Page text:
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Algoma's tourism industry looks to U.S. visitors for economic boost

Tourist attractions in the region look to rebound after losing money due to lack of American visitors
USED 20200628-Good Morning Sault Ste. Marie-DT
International Bridge is shown in this file photo from June 2020. (Darren Taylor/SooToday)

The tourism industry in Sault Ste. Marie and the Algoma District could potentially reap the benefits of American visitors being allowed into Canada for non-essential reasons early next month. 

On Monday, the federal government announced that fully vaccinated Americans will be permitted to enter Canada for non-essential reasons beginning Aug. 9, provided they have been fully vaccinated at least 14 days prior to entering Canada. 

“I think obviously this is great news that we’ve been waiting on,” said Travis Anderson, director of tourism and community development for the City of Sault Ste. Marie. “The timing is good for us – I mean, we’ll still salvage a portion of the summer.” 

Anderson remains hopeful that the city’s hospitality sector, namely restaurants, bars and hotels, will benefit from the news, in addition to attractions like the Canadian Bushplane Heritage Centre, Art Gallery of Algoma, Sault Ste. Marie Museum and the Canal District. 

He’s also holding out hope that the Superior Rocket – a 10-passenger Hurricane Zodiac that can reach speeds of up to 90 kilometres per hour – will help draw some Americans to town when it hits the waters of the Sault and its surrounding areas in August. 

“Hopefully, that acts as a significant draw from U.S. visitors,” said Anderson. “I think we’ll see a lot of pent-up demand from the American side to do some visits [to Canada] – we’re very hopeful that Sault Ste. Marie is on that list.”

“I think overall we’re really excited about the opportunity here, and hopefully, we’ll bring a lot of economic benefits to the Sault.”

Bushplane's bottom line taking a hit 

The Canadian Bushplane Heritage Centre is one of those local attractions that relies upon visitors from the United States to help pay for the costs associated with operations and staffing. Executive director Dan Ingram tells SooToday that the museum benefits from Americans coming to the Sault on cruise ships, along with additional U.S. visitors coming in from Michigan, Wisconsin and Minnesota. 

“Most of our revenue is generated internally, and we generate 70 per cent of all of our revenues through admissions, gift shop and event revenues,” said Ingram. “When our admissions are down based on the number of people that are able to come to the museum through the cruise ships, bus tours or even the general door, the impact is felt noticeably at our bottom line.”

'This COVID has really hurt us and other lodges in the area a lot' says fishing lodge operator 

Meanwhile, lodge operators scattered throughout the Algoma District have been enduring hardships due to a lack of American tourists who regularly come up to Canada in order to fish and hunt.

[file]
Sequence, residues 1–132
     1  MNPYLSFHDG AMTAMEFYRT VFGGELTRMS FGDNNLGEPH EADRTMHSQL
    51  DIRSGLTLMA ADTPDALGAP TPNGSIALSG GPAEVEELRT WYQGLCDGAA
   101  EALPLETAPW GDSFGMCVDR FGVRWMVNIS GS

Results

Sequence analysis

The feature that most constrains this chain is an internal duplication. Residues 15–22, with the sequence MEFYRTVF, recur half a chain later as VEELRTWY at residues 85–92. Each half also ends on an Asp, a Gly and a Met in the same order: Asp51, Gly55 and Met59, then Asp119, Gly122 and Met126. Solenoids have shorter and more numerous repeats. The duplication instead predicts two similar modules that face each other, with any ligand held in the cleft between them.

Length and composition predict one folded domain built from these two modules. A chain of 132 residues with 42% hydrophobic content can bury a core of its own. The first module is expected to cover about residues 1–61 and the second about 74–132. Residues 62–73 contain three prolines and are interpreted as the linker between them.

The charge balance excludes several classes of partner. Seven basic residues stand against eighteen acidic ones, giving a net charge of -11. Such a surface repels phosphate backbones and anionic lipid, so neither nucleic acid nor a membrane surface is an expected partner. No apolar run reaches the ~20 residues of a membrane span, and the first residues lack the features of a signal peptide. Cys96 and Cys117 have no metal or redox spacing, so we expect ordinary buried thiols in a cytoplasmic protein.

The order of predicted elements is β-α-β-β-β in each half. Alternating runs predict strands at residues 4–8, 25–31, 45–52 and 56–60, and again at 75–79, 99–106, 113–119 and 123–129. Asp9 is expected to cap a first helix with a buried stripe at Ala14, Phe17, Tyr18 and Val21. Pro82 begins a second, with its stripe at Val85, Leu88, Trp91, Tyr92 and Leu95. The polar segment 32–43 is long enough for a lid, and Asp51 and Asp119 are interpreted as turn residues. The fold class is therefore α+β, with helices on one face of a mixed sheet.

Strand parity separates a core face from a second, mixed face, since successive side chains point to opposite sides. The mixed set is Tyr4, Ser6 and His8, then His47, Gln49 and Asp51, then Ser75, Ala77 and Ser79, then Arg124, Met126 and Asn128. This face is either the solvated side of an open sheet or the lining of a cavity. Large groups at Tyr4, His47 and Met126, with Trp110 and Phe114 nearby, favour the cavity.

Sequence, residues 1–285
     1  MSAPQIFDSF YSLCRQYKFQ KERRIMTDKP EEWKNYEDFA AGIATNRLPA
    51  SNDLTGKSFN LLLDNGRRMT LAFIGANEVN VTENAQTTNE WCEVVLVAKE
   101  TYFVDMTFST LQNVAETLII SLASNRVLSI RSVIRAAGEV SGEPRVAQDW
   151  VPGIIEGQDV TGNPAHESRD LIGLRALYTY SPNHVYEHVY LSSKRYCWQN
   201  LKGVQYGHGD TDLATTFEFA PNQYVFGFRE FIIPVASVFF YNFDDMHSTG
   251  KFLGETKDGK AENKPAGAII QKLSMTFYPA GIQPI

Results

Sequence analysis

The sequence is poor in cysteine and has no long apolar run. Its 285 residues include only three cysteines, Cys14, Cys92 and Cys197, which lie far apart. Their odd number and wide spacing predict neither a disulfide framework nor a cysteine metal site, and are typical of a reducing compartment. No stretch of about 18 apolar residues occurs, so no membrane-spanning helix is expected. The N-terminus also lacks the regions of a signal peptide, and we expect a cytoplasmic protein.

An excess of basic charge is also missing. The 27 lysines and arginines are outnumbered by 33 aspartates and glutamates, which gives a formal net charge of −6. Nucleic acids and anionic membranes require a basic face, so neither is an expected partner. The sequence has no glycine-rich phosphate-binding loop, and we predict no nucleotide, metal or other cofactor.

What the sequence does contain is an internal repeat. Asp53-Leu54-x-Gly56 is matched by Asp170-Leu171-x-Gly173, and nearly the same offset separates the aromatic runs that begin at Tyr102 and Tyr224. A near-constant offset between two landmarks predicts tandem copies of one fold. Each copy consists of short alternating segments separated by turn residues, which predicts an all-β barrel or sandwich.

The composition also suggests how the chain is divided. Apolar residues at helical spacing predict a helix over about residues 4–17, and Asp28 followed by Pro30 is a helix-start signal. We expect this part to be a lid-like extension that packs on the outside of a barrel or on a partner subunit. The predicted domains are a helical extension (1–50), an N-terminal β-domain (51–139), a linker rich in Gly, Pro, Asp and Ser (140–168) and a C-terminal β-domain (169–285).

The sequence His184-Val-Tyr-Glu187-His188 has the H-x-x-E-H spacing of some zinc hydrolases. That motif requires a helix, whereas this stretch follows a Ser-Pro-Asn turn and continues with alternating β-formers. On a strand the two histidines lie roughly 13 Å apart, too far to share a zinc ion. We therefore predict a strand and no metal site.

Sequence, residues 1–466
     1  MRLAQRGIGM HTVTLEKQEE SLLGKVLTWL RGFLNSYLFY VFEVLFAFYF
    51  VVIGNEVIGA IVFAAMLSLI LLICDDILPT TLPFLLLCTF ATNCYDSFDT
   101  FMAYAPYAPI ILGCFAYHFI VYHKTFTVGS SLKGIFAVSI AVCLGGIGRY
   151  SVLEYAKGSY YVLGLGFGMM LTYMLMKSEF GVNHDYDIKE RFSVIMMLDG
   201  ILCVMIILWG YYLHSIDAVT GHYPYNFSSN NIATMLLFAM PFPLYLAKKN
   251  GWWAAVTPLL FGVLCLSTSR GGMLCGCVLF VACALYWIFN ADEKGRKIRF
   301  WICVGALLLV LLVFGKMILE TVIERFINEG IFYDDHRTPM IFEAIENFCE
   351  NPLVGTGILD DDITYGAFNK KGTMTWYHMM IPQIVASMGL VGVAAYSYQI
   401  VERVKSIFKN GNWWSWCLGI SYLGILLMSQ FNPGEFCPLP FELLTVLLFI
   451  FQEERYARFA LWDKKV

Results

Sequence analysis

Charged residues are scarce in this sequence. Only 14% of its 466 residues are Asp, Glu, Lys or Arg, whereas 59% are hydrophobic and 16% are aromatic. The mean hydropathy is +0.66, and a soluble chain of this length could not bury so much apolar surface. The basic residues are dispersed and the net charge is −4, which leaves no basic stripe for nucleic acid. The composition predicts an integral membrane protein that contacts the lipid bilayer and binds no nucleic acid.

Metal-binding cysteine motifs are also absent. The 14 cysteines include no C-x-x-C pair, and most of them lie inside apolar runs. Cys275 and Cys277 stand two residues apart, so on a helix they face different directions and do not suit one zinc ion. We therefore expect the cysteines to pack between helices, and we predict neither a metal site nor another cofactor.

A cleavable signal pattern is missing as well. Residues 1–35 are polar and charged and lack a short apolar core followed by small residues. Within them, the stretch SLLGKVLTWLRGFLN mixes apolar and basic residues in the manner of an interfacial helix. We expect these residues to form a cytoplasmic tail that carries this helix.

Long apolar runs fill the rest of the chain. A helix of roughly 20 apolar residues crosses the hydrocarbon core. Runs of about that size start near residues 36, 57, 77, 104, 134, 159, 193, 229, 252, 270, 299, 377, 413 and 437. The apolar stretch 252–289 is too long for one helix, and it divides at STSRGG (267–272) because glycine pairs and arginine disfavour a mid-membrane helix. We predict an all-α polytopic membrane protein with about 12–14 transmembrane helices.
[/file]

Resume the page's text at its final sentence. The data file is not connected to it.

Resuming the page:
Wayne Thibodeau, co-owner of Northern Walleye Lodge in Missanabie, Ont., said that guests from the United States account for 80 per cent of his clientele at the remote fishing lodge east of Wawa.  

“This COVID has really hurt us and other lodges in the area a lot,” said Thibodeau. “It’s been very hard with next to no help from the government, but this border opening is definitely a blessing, for sure.”

“It’ll help keep us and other people afloat over the winter to make it to next year.”

Thibodeau said that the announcement comes almost too late, as many people from the U.S. have already cancelled plans to visit the lodge. They’ve lost a lot of bookings in the process, but lodge ownership anticipates that other American visitors will begin filling up those vacancies soon. 

But to fully recover from the economic woes brought on by the COVID-19 pandemic will take much longer than that.   

“It’s going to take a few years. This will definitely help us hold out through the winter time to make it to next spring – and other than that, we just got to watch our spending and hope for the best,” he said.

New COVID cases on the rise in the U.S. 

The border reopening to Americans for non-essential travel is coming at a time where new COVID cases – arising from the spread of the Delta variant – are increasing across the U.S. The Centre for Disease Control and Prevention is looking at a seven-day average of about 26,300 new cases per day, an increase of 70 per cent over the previous seven-day period. Daily COVID-19 deaths are also up by about 26 per cent. 

“It is important to note that variants, including delta, have been circulating in Ontario for some time and continue to circulate locally, and that the federal government was quite clear that the border will be opened to non-essential travellers who are fully immunized. We know that two doses provide very good protection against COVID-19 infection, including against the delta variant,” said Dr. Jennifer Loo, medical officer of health and chief executive officer at Algoma Public Health, in a statement provided to SooToday on Tuesday.

“As local community members and businesses prepare to receive potential visitors, whether from out-of-country or simply across town, the best way to protect ourselves and our community from a fourth wave is to get both doses of the COVID-19 vaccine.”

The federal government plans to open Canada's borders on Sept. 7 to any fully vaccinated travellers with a government-accepted vaccine at least 14 days prior to entering the country, provided that COVID cases remain low and vaccination rates remain high.

– with files from The Canadian Press

This story originally appeared on SooToday.